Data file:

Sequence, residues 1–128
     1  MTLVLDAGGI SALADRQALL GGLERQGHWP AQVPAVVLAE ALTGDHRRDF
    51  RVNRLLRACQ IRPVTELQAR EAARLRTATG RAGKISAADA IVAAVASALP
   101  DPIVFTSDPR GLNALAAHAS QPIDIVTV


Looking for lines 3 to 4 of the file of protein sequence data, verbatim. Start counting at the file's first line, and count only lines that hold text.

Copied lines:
    51  RVNRLLRACQ IRPVTELQAR EAARLRTATG RAGKISAADA IVAAVASALP
   101  DPIVFTSDPR GLNALAAHAS QPIDIVTV